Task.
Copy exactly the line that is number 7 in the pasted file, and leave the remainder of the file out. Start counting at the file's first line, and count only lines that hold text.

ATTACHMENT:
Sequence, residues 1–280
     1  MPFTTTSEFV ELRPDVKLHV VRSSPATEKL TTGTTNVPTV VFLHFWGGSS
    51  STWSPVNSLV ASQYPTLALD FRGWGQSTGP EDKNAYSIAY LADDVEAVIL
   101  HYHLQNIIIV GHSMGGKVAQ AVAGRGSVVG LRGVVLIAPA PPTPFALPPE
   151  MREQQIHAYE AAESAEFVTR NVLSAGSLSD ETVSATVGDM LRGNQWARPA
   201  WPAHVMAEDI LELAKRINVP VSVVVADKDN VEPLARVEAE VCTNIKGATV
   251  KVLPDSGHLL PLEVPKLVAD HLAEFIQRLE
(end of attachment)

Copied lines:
   251  KVLPDSGHLL PLEVPKLVAD HLAEFIQRLE